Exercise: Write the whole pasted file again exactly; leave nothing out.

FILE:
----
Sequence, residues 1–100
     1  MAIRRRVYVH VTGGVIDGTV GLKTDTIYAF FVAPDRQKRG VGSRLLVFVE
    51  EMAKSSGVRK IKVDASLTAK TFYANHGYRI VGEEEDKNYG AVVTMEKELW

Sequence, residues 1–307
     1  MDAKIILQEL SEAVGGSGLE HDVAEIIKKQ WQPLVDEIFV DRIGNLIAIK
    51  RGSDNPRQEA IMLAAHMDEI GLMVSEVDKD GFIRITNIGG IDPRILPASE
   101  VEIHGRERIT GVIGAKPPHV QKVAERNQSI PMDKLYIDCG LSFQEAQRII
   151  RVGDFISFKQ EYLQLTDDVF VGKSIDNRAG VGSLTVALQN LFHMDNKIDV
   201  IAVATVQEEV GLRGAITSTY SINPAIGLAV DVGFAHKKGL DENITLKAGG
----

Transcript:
Sequence, residues 1–100
     1  MAIRRRVYVH VTGGVIDGTV GLKTDTIYAF FVAPDRQKRG VGSRLLVFVE
    51  EMAKSSGVRK IKVDASLTAK TFYANHGYRI VGEEEDKNYG AVVTMEKELW

Sequence, residues 1–307
     1  MDAKIILQEL SEAVGGSGLE HDVAEIIKKQ WQPLVDEIFV DRIGNLIAIK
    51  RGSDNPRQEA IMLAAHMDEI GLMVSEVDKD GFIRITNIGG IDPRILPASE
   101  VEIHGRERIT GVIGAKPPHV QKVAERNQSI PMDKLYIDCG LSFQEAQRII
   151  RVGDFISFKQ EYLQLTDDVF VGKSIDNRAG VGSLTVALQN LFHMDNKIDV
   201  IAVATVQEEV GLRGAITSTY SINPAIGLAV DVGFAHKKGL DENITLKAGG